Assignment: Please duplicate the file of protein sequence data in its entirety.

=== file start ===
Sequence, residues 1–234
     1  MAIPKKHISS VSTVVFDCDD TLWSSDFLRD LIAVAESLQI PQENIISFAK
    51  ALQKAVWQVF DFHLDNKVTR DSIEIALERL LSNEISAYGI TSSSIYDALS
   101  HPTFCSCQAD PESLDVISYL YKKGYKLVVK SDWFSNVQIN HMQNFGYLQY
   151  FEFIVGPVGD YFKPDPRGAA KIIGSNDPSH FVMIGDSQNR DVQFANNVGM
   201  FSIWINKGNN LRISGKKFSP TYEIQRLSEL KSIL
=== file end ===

Sequence, residues 1–234
     1  MAIPKKHISS VSTVVFDCDD TLWSSDFLRD LIAVAESLQI PQENIISFAK
    51  ALQKAVWQVF DFHLDNKVTR DSIEIALERL LSNEISAYGI TSSSIYDALS
   101  HPTFCSCQAD PESLDVISYL YKKGYKLVVK SDWFSNVQIN HMQNFGYLQY
   151  FEFIVGPVGD YFKPDPRGAA KIIGSNDPSH FVMIGDSQNR DVQFANNVGM
   201  FSIWINKGNN LRISGKKFSP TYEIQRLSEL KSIL